In 1987, approximately 200 people gathered at the site of Colgate University’s new cultural center for the official groundbreaking ceremony. In 2019, community members returned this site — now named the Africana, Latin American, Asian American, and Native American (ALANA) Cultural Center — to celebrate its 30-year anniversary.

During the ALANA Founders’ Week celebrations, starting April 22, ALANA hosted tile-creation sessions, a rededication ceremony, and a panel discussion on “The Art of Historical Storytelling” from Diane Ciccone ’74, P’10, Gretchen Hoadley Burke ’81 Endowed Chair in Regional Studies Kyle Bass, and Digital History Project Manager Emily Jeffres.

Though the center celebrated its 30th anniversary this year, ALANA’s historical roots are still older. In 1968, the Association of Black Collegians held a 100-hour sit-in at the Office of Admission, demanding an end to institutional racism at Colgate. In the spring of 1969, they returned to the admission building for a 70-hour sit-in. Among other outcomes, an institutional promise to create a black ethnic cultural center arose from this protest — a promise that was fulfilled later that year with ALANA’s opening.

During the 30th anniversary rededication ceremony, Leanna Rice, director of the ALANA Cultural Center, affirmed the center’s ongoing mission to serve as an educational space for students of color as well as the larger Colgate community.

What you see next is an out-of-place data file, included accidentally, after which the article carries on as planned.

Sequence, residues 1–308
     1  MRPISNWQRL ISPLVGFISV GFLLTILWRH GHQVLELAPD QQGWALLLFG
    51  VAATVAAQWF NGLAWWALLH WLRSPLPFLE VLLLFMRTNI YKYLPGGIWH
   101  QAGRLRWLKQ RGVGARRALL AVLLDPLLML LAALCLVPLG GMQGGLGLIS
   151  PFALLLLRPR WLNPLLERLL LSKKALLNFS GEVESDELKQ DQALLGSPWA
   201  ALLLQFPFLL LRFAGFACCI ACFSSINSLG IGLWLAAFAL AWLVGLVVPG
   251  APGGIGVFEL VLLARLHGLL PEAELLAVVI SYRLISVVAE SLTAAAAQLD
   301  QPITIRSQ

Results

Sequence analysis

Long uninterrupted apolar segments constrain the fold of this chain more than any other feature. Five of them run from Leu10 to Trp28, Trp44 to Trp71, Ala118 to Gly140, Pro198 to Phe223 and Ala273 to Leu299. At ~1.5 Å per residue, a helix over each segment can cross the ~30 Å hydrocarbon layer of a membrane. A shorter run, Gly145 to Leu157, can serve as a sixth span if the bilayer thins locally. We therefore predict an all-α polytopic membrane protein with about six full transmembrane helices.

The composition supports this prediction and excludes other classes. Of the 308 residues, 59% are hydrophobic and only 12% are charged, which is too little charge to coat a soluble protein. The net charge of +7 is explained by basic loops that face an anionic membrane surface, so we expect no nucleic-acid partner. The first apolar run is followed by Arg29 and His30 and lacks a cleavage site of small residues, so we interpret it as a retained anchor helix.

“ALANA is about community building,” noted Leanna Rice. “This place was built for caring for one another and supporting those who need it most.”

In a letter to the Colgate community, Rice quoted Nelson Mandela. “‘Remember to celebrate the milestones, even as we prepare for the road ahead,’ and to tell the stories that are not always the prettiest, but remind us of the boldness of past, and our necessary commitment to bettering the future,” she wrote. “Thank you again for all of your support throughout our history at the ALANA Cultural Center and as we trailblaze into the future.”

ALANA’s 30th anniversary celebration continues during the Bicentennial All-Class Reunion, May 30–June 2.

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